We’ve had a rather breathless 12 months of space travel, taking us from the moon to Pluto and beyond. Here we look at the 10 greatest developments of recent times.
Today, we brought news of a first for NASA, with two of its programmes witnessing a black hole shooting out a beam of X-ray light, bringing further knowledge to an area of space we know little about.
There have been huge leaps forward in terms of our understanding of dark matter, and enough amazing photographs to fill all the desktop backgrounds in the world.
But what are the top developments? Well, we’re here to help you figure that out. Notable exclusions from this list include the Mars Rover selfie, that annoying bright spot on Ceres and any other event I’ve forgotten about.
Ok this won’t make waves globally, perhaps, but this summer we finally got news of Ireland’s first-ever space programme, Cumar.
Hinted at by all-round space legend Prof Susan McKenna-Lawlor way back at Inspirefest 2015, the name was finally revealed in August at an Astronomy Ireland event, fittingly, under the stars.
Prof Susan McKenna-Lawlor speaking at Inspirefest 2015
Cumar’s mission, MaKenna-Lawlor said, would be to gain new understanding of space weather.
Negotiations are in progress to include in the spacecraft’s payload experiments from Chinese, Canadian, German, Japanese, Slovakian and British teams, each aiming to gain further insights into different aspects of space weather and its effect on society, the planet and technology.
In addition to scientific equipment, Cumar will be carrying a sculpture already commissioned from an Irish sculptor, who will use space-qualified materials for its construction.
Right now, whizzing above your head a few times a day, two astronauts are busy working away on the International Space Station (ISS).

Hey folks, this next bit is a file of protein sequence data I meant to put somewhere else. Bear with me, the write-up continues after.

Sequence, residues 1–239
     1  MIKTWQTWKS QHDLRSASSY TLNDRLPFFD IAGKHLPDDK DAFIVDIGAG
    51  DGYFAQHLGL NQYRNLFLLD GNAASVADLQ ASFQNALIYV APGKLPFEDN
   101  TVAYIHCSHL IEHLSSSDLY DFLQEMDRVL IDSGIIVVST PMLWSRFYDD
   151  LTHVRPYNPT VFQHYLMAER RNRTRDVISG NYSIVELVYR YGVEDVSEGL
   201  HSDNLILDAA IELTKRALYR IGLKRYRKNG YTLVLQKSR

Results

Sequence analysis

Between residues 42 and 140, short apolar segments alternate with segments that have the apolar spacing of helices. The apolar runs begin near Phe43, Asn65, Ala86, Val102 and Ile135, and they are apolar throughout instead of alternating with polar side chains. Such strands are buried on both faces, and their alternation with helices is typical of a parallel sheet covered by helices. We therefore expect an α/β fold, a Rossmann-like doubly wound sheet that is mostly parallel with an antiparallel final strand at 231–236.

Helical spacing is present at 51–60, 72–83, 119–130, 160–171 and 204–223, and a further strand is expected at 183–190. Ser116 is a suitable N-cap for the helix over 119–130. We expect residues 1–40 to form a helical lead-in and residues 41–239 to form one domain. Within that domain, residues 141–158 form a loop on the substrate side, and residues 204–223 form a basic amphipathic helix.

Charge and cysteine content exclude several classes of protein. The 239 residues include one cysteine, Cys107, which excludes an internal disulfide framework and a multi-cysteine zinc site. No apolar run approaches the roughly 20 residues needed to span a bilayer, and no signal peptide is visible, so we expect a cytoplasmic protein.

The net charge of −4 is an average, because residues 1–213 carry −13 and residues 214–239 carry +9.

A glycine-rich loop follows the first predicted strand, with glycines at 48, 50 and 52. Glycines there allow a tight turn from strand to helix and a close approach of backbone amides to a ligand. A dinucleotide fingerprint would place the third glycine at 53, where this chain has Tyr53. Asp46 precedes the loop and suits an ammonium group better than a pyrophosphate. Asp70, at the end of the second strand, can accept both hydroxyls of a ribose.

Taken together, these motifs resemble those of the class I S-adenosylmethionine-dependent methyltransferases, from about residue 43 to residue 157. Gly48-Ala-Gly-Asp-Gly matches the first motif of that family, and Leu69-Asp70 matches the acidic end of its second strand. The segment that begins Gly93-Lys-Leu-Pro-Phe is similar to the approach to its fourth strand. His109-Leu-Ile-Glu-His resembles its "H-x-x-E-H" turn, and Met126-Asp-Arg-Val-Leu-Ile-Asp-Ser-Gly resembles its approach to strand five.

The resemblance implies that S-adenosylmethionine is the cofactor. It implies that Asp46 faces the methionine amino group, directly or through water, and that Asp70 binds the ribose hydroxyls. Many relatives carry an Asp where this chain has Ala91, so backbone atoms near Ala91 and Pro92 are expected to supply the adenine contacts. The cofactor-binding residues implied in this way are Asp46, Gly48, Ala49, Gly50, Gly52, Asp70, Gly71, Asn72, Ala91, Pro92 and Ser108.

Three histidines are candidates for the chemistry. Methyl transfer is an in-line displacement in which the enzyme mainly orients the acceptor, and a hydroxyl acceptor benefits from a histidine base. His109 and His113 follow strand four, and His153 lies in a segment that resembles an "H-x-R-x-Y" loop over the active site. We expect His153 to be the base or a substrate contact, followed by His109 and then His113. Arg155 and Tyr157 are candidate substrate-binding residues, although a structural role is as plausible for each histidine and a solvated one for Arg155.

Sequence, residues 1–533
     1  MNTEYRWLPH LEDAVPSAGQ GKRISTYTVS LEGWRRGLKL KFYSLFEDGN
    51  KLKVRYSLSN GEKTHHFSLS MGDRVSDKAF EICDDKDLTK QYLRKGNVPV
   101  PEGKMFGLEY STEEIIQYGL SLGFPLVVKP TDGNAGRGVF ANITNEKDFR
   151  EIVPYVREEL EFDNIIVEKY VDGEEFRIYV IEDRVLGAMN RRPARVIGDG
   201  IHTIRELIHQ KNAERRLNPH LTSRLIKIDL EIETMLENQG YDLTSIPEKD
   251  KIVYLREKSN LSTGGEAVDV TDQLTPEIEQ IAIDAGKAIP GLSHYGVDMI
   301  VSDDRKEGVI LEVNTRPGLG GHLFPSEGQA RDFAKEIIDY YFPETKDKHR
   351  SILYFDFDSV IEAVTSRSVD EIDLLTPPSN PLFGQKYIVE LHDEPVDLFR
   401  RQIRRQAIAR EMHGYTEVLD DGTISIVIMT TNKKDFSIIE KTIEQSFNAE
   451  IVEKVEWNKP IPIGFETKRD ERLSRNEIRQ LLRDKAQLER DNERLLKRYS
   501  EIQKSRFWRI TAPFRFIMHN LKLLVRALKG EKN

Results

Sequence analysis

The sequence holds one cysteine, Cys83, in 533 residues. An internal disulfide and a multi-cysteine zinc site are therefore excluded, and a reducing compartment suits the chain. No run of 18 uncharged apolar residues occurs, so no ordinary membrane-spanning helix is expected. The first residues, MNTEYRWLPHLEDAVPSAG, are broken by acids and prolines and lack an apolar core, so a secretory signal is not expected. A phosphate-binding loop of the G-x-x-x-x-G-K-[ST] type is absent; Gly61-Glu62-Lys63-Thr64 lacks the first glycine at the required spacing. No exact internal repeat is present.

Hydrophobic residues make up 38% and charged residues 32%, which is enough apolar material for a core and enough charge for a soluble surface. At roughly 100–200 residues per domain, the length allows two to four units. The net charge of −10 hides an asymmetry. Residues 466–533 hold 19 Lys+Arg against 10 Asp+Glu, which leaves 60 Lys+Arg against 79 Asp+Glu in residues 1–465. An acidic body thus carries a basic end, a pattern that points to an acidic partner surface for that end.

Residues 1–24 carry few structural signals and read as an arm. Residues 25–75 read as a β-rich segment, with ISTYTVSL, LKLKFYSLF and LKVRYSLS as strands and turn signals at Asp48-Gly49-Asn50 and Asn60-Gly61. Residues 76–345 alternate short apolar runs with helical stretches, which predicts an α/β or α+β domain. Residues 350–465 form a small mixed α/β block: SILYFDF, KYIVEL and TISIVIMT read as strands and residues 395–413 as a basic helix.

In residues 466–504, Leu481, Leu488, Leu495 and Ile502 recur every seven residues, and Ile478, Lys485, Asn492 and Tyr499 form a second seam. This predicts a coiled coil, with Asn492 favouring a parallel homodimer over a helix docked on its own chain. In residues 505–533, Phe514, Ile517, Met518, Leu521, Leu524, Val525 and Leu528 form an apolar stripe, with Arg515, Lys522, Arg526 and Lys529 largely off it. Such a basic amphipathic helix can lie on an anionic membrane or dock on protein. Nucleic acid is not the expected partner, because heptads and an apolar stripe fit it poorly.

This is nothing new, the ISS has housed dozens of astronauts over the years, who have handed the baton over to replacements every few months and come back down to Earth with stories to tell and pictures to show.
However, for NASA astronaut Scott Kelly and cosmonaut Mikhail Kornienko, things are markedly different. They are seven months into a year-long mission on the spacecraft, something never done before.
NASA astronaut Scott Kelly and Russian cosmonaut Mikhail Kornienko. Photo via NASA
The trials and tribulations their bodies are going through are estimated, but not fully known. The logic is, if humans ever want to get to Mars, we’re going to have to spend a long time in space. So why not learn what effects that can have on the human body?
While in space, the duo are expected to develop blurry vision, lose their balance, see a bone density reduction never experienced before, enjoy a melting away of muscle mass and develop an undercooked heart, which has to work far less in space to pump blood around the body.